0
$\begingroup$

Our lab manager suspect that something wrong with our lab Bacto agar (Difco). So she decide to throw it to the garbage. I think that it's just a waste to throw that thing. Can someone think of reason why don't use that agar for molecular cooking in my kitchen? (My lab manager think that i am totally crazy without give any reason)

$\endgroup$

closed as primarily opinion-based by David, canadianer, Amory, iayork, John Jan 21 '18 at 17:23

Many good questions generate some degree of opinion based on expert experience, but answers to this question will tend to be almost entirely based on opinions, rather than facts, references, or specific expertise. If this question can be reworded to fit the rules in the help center, please edit the question.

  • 1
    $\begingroup$ I'm voting to close this question as off-topic because it has nothing to do with either biology or biological techniques. There may be some other SE site (Health, Domestic Science?) where it is appropriate, but that's for the poster to find out. $\endgroup$ – David Jan 15 '18 at 19:49
  • $\begingroup$ If there are reasons to not use it for lab stuff, maybe there are reasons for not using it for cooking either. $\endgroup$ – Remi.b Jan 16 '18 at 3:23
1
$\begingroup$

Technically agar has first been used (and still is) in the kitchen and then adopted to the lab. In the 19th century, gelatin was used in the microbial laboratory. The problem is that gelatin is much less thermostable than agar and at higher cultivation temperatures plates will melt and get liquid again. In 1882 the german microbiologistt Walther Hesse (at that time an assistant in Robert Kochs laboratory) followed the suggestion of his wife Fannie Hesse to use Agar instead of gelatin. See the two references for some interesting details.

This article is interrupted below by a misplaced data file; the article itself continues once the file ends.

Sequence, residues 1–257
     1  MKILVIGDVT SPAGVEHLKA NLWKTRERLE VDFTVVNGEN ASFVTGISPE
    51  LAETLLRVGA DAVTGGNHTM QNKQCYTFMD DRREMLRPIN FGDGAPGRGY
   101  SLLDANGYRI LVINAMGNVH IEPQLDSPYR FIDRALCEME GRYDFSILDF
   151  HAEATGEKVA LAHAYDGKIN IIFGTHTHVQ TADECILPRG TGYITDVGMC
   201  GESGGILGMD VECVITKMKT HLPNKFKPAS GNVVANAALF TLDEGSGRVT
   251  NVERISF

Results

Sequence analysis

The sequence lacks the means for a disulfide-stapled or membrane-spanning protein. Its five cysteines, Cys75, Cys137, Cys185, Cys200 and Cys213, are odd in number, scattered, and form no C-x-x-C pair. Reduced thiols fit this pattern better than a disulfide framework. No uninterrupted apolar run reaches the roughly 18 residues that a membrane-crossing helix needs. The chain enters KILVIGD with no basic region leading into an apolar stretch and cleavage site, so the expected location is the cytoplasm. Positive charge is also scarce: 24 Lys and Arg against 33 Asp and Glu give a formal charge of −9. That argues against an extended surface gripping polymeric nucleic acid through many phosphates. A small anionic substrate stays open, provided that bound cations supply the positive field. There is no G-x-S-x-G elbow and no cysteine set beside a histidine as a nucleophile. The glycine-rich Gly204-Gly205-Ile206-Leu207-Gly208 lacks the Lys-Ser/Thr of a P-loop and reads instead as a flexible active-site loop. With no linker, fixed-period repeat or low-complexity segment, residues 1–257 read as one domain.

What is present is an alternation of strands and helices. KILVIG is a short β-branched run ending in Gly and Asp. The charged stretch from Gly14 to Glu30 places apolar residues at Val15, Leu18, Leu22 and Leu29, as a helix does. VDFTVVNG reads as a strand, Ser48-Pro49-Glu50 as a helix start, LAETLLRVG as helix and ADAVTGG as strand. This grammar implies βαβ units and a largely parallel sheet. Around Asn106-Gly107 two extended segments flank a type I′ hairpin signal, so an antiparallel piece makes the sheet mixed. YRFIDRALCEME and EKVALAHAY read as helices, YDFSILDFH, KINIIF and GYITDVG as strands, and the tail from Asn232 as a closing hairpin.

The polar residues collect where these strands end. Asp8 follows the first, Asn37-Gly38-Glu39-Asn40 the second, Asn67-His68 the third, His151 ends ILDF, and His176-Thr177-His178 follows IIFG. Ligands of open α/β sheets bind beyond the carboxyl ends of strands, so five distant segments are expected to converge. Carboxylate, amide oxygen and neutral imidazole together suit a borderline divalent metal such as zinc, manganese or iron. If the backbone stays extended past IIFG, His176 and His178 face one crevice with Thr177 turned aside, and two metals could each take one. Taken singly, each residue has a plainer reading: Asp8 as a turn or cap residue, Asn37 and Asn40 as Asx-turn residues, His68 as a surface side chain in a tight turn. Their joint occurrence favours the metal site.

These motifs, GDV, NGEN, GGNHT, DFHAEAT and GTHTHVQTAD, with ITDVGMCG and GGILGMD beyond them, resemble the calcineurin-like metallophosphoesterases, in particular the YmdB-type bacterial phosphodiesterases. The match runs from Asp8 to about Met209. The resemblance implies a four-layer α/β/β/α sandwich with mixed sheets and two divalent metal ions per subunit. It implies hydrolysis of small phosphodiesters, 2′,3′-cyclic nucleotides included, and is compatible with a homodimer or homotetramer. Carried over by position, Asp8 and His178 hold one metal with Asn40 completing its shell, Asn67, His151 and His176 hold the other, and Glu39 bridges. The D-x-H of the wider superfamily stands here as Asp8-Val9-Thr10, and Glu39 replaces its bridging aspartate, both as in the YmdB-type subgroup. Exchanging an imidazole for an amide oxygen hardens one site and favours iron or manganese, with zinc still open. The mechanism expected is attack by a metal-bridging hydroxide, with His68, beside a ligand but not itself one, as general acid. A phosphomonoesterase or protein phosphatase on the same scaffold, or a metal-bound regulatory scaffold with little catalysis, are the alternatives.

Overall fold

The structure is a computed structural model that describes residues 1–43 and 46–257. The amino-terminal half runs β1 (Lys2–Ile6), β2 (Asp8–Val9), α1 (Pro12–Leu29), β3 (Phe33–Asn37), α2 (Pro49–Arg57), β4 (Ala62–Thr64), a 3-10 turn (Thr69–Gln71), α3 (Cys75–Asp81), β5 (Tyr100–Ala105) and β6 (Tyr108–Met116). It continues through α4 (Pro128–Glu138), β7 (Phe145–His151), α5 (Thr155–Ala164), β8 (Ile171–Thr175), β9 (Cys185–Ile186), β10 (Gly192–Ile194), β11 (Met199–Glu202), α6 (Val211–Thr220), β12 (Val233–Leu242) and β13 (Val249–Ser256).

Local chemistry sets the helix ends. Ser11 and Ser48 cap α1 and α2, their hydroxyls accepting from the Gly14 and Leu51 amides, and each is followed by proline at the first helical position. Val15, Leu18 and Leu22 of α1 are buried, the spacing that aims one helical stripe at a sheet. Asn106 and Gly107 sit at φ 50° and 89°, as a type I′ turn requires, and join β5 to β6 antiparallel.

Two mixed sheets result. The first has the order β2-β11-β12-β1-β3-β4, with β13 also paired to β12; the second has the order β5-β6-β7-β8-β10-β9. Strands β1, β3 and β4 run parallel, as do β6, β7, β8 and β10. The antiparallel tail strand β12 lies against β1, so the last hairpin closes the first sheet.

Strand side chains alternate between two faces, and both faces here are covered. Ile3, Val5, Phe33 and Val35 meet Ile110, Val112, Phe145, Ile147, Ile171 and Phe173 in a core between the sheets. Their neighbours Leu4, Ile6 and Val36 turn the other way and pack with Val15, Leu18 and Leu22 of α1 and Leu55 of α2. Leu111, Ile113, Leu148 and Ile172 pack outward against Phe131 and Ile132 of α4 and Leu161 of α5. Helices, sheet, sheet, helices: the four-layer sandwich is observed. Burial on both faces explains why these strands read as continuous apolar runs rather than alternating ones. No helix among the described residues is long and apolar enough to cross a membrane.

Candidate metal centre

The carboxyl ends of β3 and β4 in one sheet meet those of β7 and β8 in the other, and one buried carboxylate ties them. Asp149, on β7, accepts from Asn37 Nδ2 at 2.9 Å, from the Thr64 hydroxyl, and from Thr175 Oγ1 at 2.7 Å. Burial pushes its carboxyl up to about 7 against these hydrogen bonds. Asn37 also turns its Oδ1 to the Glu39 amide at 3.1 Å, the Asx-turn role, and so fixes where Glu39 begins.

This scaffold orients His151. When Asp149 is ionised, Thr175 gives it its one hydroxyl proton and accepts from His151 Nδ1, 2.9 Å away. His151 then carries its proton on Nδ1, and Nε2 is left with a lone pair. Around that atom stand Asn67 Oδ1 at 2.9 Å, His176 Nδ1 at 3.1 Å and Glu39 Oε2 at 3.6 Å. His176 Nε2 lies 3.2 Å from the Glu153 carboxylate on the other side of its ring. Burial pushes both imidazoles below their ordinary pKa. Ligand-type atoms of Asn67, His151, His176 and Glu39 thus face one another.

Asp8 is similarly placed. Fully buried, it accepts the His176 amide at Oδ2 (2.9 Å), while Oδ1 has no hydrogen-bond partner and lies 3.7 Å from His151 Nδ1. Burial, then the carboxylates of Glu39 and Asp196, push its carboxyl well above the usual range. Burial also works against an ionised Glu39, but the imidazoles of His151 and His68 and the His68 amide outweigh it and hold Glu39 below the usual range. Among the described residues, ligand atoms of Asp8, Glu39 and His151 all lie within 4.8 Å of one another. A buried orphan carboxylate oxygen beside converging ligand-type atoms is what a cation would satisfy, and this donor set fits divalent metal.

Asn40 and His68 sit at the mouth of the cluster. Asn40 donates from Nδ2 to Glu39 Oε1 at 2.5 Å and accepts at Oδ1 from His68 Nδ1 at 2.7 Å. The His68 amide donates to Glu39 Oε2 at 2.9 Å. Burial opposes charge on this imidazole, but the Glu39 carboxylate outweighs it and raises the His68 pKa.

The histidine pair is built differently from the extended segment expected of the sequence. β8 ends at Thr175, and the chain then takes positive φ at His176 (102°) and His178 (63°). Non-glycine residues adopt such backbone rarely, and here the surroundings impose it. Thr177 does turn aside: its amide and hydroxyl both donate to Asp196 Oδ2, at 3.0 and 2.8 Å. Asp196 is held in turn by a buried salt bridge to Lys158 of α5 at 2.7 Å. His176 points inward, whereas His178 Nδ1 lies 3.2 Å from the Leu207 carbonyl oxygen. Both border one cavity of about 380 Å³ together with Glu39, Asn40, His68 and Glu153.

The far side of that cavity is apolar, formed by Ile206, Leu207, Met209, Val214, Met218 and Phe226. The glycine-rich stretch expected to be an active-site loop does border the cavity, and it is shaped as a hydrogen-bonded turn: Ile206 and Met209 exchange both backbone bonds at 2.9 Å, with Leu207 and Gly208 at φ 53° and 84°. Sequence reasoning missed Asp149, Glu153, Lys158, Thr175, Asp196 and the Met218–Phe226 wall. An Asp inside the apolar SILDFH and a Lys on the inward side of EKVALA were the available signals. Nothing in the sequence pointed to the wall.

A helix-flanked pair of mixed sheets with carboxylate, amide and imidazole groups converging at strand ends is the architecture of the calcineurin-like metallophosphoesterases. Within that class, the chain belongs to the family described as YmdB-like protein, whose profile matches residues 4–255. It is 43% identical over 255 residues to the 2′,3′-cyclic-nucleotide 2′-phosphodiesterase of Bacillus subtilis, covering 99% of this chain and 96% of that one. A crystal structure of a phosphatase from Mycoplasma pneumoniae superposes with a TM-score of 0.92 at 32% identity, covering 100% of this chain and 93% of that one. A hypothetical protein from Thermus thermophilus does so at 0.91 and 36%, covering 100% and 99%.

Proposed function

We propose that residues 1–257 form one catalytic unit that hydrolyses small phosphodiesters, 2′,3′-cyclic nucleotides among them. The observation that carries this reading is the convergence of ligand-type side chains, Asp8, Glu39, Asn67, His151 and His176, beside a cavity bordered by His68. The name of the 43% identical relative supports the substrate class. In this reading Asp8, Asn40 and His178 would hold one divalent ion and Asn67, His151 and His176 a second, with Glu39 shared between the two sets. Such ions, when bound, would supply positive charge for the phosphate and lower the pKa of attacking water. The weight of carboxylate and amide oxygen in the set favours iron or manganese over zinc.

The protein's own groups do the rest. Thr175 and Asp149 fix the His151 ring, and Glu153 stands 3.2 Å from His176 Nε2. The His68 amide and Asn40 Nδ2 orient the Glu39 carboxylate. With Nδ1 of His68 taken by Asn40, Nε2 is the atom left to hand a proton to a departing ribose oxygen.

I personally would never use anything which comes from the lab in my kitchen since you never know if there are any contaminants in there. This is also probably the reason, why your lab manager doesn't want you to have it.

References:

  1. Walther and Angelina Hesse-Early Contributors to Bacteriology
  2. History of the agar plate
$\endgroup$
  • $\begingroup$ What kind of contamination should I suspect? We use specific spoon to take out the agar from the box that used only for this. $\endgroup$ – Moshe Jan 15 '18 at 13:09
  • $\begingroup$ The agar doesn't care where it is prepared, however, I am 100% with Chris on this one, I wouldn't use any coming from the lab for fear of contamination. I don't know what kind of organisms you work with and what you may find in your environment but generally it is not a good idea to mix things that were used in the lab with things that you use in your kitchen. $\endgroup$ – Johnny Jan 15 '18 at 13:58
  • $\begingroup$ I don't think that I need to worry from the bacteria that I have in my lab more then the normal bacteria that I (probably the same) have in my kitchen. I am more worried if they use something in the production of the Agar that is toxic to people. $\endgroup$ – Moshe Jan 15 '18 at 15:16
  • 1
    $\begingroup$ @Moshe I think more about lab chemicals which are present where agar gels are prepared like Ethidiumbromide. Or people using dirty spoons/spatulas before going into the agar. The agar itself is prepared from algae and my guess (although I don't know for sure) is that the lab agar is pretty clean. $\endgroup$ – Chris Jan 15 '18 at 15:25
  • 1
    $\begingroup$ @Pere In general you are right. But: This is a general precaution to avoid harm. We have a number of substances in the lab that can be nasty. $\endgroup$ – Chris Apr 10 at 10:15

Not the answer you're looking for? Browse other questions tagged or ask your own question.